Should You Treat Your Business Like a Pension Plan?

Incorporated professionals and business owners no longer have to worry that some Canadians have access to superior pension plans. The Individual Pension Plan (IPP) was developed specifically for business owners and entrepreneurs who want a robust pension plan that is comparable to the pension plans teachers and civil servants receive.

As a business owner, you can also enjoy the benefits of an employer-sponsored pension plan, in addition to maximizing retirement savings at every stage of your life.

When a business owner treats their business as the main source of income, they can:

  1. Sell it
  2. Invest within it
  3. Put the proceeds of the sale into a trust or holding company
  4. Treat it as a pension plan

Some of the problems with the first three options are:

  • The valuation of the business might be lower the principal investment
  • It might be difficult to sell the company shares
  • It is complicated to determine the real value of the company
  • Lawsuits could negatively impact company value
  • The business owner pays tax on inactive income within a trust/holding company
  • About half of the returns are depleted by taxation within a trust


Ideally, as an individual approaches retirement, it is recommended to stray away from risky moves such as betting solely on the business to fund their remaining years. However, if the corporation possess significant cash deposits, the money can be used to make tax-deductible contributions to a pension plan. In other words, a business owner’s corporation can sponsor an IPP, creating robust retirement savings for him or her. Saving for your future is an important part of your work life. At DFS Private Wealth we focus on making retirement planning simple and easy so that you can focus on growing your business.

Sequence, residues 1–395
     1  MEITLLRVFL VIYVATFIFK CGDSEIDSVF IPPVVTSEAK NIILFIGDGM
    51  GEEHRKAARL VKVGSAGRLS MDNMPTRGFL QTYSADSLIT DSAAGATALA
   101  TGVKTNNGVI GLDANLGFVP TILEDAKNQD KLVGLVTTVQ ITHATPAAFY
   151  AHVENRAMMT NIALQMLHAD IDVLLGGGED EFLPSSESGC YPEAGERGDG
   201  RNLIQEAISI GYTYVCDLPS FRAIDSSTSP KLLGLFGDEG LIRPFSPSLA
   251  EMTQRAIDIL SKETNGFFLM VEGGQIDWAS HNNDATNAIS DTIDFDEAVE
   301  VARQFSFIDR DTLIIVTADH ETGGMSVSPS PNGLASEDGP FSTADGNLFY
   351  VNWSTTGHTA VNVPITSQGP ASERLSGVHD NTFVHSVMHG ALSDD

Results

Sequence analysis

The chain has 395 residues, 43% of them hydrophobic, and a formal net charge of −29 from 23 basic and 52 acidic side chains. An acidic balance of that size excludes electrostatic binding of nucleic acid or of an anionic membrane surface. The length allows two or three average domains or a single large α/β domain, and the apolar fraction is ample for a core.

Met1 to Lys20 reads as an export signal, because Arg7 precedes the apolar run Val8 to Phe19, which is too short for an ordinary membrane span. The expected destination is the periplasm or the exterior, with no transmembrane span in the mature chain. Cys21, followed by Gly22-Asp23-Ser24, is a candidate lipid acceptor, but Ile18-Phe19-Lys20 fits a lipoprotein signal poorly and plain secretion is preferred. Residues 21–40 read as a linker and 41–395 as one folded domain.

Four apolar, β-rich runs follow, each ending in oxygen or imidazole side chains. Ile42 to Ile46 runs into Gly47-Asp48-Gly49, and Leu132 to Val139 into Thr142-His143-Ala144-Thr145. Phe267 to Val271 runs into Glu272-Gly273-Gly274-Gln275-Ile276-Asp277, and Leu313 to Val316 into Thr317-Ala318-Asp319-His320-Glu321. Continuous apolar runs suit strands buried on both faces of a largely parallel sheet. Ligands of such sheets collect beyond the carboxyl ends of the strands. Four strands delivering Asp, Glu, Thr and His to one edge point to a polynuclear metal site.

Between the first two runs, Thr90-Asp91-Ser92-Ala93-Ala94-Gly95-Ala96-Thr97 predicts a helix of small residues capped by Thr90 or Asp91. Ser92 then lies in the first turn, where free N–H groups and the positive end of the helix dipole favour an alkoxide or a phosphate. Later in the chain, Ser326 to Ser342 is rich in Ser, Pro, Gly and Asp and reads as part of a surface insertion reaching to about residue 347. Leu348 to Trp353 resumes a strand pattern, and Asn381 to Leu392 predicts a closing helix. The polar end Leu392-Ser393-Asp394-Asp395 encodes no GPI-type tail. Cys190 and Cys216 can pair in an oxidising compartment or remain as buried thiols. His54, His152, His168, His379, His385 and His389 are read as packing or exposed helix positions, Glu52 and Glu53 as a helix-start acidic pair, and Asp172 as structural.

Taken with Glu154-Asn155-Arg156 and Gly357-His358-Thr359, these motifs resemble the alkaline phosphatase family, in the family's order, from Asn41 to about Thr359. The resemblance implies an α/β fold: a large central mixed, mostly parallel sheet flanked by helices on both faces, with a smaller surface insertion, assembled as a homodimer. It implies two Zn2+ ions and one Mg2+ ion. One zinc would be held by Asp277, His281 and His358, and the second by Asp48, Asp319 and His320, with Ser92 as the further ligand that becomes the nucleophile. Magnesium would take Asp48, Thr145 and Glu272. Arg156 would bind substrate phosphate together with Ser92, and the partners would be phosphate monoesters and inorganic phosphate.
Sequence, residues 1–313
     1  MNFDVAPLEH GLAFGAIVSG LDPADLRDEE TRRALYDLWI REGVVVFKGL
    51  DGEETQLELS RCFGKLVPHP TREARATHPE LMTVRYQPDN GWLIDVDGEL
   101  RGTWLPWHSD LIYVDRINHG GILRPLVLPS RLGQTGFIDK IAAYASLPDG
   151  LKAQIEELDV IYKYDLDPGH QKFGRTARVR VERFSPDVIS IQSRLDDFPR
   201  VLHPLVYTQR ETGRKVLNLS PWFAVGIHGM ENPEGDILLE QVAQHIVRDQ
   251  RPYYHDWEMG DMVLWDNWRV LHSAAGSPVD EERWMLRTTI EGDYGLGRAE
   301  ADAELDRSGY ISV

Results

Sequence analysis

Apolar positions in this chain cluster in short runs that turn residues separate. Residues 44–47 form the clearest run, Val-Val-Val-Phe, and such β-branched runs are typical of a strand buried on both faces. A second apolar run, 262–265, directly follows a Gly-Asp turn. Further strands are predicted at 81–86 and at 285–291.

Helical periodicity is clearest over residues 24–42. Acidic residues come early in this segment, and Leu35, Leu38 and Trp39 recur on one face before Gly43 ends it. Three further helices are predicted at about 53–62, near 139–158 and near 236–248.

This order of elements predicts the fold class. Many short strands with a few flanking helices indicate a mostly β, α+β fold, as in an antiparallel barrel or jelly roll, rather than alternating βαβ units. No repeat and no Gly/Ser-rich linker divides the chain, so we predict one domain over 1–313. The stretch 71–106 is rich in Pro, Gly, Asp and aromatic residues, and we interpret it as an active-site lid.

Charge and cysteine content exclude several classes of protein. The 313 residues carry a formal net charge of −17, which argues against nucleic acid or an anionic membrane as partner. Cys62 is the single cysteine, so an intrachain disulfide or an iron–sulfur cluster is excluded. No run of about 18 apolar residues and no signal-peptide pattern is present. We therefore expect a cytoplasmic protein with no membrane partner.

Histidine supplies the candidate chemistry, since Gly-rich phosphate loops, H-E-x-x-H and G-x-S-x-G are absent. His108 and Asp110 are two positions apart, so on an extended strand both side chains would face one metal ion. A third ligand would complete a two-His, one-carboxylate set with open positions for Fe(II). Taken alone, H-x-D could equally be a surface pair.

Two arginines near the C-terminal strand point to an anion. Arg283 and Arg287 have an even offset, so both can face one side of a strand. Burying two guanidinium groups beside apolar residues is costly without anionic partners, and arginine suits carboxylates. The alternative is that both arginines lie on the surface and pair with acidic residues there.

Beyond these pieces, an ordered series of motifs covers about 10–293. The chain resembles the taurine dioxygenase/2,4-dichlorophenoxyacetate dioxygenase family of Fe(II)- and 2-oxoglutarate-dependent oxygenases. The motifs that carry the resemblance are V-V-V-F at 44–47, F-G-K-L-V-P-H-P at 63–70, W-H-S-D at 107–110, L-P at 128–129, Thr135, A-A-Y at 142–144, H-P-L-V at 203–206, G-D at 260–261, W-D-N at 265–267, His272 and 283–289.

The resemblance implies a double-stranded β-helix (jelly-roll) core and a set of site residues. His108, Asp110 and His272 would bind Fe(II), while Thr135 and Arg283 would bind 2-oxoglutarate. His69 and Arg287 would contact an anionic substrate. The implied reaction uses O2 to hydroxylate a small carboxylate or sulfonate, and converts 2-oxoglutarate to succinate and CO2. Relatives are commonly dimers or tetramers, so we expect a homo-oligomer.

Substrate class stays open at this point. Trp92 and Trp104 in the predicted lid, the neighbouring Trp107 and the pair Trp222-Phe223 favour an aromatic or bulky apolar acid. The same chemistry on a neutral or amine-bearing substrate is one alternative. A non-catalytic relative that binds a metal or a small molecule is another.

In addition to being able to save more, IPP members can supplement their savings, in the event stock markets underperform or crash. Special payments permit plan members to top up their retirement savings by making additional contributions over and above the prescribed annual contribution.

Compared to the RRSP, the IPP is a superior product. Once the contribution limit is reached in an RRSP, you are not allowed to add more money to your investment. Therefore, during a market decline, RRSP owners will potentially suffer a financial loss and not have an option to compensate for the financial decline of their investment portfolio by topping-up.

As an example, RSPs are subject to income-based contribution limits. Once the maximum is reached no additional money can be added (without penalty). The IPP is also subject to contribution limits – which, incidentally, are much higher than RSPs. However, should the annual investment return be less than 7.5% in any given year, top-up is allowed; therefore, providing plan members with an opportunity to add extra money to the IPP over and above any contribution limits.

$500,000 invested in a 5-year GIC at 2%

Year Growth Total Amount Additional Top-up Room*
1 $10,000 $510,000 $90,544.44
2 $10,200 $520,200
3 $10,404 $530,604


*In years where a portfolio does not return 7.5%, top-up room is created. Actuarial calculations are performed every 3 years.

The special payment option can be combined with a conservative investment strategy. By opting to hold low-yield investments in the defined benefit component of your pension plan portfolio, you can actively create additional contribution room. Your corporation can then make those extra tax deductible contributions to your IPP.

If you’re a business owner and/or incorporated professional, and you wish to learn more about retirement planning or the Individual Pension Plan, please contact the trusted advisors at DFS Private Wealth (DFS) for a complimentary retirement savings illustration. We recommend speaking to a DFS Private Wealth Manager to find out the right retirement plan for your specific needs.

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